An overly strong local currency has been a structural problem
for Brazil -- except, of course, when the real has been too weak
for the government's comfort. It looks like the situation is
getting ready to reverse
From the start of the year to last week, the real surged 8.6%
against the dollar, returning to roughly the level the Brazilian
traded at in late October
While the real has since given up 2.5% so far in March, it is
largely because traders are buzzing that the most recent swing to
the upside has gotten the Brazilian government ready to once
again raise the currency walls and shut out foreign money.
This time around, the measures on the table include calling in
short-term credit lines early, sucking that liquidity out of the
market -- and out of foreign traders' clutches.
They are also reportedly looking into cutting off lending from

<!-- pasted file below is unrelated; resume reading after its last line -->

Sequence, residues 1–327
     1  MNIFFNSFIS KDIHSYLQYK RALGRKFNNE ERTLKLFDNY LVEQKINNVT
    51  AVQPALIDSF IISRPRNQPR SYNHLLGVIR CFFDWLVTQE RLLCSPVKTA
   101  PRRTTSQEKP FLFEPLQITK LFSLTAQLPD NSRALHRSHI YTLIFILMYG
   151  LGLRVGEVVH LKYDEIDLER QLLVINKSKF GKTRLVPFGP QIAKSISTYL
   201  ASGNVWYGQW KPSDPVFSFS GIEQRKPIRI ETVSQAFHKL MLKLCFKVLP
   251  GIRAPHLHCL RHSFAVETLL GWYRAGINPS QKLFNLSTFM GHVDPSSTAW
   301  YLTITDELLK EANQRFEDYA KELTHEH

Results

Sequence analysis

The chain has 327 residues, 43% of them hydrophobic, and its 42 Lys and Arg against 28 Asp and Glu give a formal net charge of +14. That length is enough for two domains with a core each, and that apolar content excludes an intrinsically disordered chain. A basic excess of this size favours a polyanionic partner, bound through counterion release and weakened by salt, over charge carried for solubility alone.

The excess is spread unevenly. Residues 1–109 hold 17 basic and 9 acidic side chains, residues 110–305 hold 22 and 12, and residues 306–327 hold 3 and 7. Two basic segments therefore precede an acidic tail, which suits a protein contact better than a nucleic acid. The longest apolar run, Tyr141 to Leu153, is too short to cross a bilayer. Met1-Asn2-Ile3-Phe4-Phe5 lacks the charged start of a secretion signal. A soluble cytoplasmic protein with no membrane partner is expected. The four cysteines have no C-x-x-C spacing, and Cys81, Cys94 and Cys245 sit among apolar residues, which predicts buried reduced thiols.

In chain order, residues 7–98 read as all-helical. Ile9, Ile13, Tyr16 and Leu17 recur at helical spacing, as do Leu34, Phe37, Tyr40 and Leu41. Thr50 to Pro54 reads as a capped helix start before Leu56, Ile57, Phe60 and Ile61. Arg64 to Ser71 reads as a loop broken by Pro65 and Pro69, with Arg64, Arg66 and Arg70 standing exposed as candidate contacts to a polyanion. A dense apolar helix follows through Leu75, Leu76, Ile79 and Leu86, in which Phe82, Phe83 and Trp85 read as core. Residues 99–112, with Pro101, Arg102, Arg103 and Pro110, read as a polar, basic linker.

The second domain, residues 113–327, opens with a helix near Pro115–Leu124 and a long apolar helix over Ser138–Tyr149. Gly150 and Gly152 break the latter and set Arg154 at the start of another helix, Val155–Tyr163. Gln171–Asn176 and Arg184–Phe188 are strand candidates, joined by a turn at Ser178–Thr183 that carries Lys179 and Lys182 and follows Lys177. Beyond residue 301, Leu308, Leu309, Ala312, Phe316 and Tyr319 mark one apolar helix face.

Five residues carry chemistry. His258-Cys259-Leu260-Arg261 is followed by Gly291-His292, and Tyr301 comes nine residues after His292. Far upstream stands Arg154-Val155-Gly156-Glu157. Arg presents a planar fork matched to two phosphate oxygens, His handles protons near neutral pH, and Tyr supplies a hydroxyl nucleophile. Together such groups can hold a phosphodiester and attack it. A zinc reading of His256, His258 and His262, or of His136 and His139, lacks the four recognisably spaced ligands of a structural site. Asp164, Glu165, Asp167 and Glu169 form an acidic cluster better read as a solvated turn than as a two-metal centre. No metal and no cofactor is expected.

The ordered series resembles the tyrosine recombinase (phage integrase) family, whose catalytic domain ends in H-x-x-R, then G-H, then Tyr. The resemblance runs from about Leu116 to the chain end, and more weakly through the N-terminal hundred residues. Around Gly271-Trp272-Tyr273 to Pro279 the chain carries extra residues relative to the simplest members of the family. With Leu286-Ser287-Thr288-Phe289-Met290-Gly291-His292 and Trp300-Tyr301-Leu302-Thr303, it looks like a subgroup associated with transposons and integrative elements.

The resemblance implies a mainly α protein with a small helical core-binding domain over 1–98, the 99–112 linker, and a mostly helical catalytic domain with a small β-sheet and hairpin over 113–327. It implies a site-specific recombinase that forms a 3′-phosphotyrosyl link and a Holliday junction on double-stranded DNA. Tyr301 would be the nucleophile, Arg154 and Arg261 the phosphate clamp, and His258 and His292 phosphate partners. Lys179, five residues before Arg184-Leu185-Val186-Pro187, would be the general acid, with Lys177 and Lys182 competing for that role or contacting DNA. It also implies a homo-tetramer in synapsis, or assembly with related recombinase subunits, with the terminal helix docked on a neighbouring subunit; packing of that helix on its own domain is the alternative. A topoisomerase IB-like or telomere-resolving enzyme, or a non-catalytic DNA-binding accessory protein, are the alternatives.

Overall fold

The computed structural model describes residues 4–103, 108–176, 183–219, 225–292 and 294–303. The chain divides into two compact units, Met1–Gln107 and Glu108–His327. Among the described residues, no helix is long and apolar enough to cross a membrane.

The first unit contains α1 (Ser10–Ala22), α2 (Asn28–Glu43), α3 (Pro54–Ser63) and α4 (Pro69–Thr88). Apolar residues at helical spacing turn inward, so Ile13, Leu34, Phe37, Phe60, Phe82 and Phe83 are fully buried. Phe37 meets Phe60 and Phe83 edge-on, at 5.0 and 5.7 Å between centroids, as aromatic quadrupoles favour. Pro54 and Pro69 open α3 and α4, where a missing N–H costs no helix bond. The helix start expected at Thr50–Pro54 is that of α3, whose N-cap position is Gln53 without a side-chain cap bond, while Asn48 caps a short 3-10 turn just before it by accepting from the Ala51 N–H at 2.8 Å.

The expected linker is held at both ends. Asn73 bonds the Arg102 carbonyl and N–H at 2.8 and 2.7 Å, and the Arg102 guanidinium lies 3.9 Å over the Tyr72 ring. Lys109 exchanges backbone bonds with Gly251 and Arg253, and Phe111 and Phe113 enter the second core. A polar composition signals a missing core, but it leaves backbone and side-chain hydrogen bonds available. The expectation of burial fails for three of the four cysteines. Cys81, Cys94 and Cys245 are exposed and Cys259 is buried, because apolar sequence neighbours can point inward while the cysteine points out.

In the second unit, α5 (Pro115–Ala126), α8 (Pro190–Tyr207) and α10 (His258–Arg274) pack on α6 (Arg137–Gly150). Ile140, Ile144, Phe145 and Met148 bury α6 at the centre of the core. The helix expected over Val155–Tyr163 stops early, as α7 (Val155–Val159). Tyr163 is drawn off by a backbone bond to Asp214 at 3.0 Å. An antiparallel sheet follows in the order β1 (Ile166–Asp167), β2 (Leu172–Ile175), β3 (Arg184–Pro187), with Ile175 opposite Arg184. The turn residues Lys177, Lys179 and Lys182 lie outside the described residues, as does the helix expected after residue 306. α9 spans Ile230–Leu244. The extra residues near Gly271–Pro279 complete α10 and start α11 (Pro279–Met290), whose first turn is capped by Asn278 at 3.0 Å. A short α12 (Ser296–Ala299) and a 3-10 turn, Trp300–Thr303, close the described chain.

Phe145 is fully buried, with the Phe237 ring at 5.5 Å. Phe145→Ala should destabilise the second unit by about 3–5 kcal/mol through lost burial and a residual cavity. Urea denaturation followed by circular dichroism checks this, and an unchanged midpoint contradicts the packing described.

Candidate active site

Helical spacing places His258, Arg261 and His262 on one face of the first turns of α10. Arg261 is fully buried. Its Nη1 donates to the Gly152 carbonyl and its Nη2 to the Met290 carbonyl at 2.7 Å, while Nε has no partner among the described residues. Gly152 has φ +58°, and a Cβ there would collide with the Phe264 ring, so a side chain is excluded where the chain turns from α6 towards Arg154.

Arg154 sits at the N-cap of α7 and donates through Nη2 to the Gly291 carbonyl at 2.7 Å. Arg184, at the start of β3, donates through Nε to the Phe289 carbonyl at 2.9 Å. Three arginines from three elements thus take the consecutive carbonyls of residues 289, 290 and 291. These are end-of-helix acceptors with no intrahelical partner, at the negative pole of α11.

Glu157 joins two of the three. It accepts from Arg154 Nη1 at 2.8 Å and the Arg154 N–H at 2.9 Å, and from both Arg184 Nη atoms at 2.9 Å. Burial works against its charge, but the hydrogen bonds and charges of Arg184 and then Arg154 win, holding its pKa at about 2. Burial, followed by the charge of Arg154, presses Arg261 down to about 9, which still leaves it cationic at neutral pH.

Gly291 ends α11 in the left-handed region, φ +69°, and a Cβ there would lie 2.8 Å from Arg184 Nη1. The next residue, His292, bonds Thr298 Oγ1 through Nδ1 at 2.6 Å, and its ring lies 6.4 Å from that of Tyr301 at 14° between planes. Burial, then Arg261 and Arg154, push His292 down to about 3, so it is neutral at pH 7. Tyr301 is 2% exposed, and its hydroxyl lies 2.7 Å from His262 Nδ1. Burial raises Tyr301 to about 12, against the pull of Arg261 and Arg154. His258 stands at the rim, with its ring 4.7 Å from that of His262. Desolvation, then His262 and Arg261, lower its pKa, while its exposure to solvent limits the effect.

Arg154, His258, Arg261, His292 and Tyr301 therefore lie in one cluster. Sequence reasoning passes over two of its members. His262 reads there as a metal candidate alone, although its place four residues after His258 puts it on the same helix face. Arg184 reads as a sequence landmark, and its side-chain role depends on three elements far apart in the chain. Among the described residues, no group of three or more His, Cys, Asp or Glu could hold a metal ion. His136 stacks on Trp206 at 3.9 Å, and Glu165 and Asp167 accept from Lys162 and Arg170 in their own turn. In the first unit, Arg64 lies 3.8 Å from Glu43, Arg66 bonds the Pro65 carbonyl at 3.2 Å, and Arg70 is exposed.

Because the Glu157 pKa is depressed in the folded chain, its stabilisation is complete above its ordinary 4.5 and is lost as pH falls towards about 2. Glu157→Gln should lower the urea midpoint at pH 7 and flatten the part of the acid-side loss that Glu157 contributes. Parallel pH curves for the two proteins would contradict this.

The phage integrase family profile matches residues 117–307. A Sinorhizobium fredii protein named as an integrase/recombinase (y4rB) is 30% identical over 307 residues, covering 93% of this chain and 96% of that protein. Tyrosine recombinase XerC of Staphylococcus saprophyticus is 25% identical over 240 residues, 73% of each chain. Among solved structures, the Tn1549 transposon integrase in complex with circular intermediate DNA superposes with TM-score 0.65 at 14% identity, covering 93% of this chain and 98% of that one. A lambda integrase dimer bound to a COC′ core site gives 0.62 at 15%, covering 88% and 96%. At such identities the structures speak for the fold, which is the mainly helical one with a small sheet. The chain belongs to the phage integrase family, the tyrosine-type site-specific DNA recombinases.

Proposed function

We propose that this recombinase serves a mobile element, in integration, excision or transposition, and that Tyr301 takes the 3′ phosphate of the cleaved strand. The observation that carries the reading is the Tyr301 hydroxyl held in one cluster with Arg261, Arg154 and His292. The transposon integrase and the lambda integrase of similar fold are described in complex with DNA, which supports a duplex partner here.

foreign companies into Brazilian subsidiaries in order to turn
off that particular spigot through which cash can enter the
The underlying problem is that while Brazilian interest rates
have declined significantly in the last year, they are still well
above what lenders can hope to receive in North America, Europe
or Japan. This has made the country a haven for global capital,
driving up demand for reais and so pushing the local currency's
relative value upward.
While many countries encourage strong currency policies,
Brazil and other export-driven economies have suffered when their
currencies get too strong.
strong real last year
sapped the profits of exporters like Vale (VALE, quote) and made
local manufacturers like Gerdau (
) and even Petrobras (
) less competitive on a global scale -- and that in turn dragged
on the Brazilian stock market (
As this develops, look to see the WisdomTree ETF that tracks
the Brazilian real (
) in play.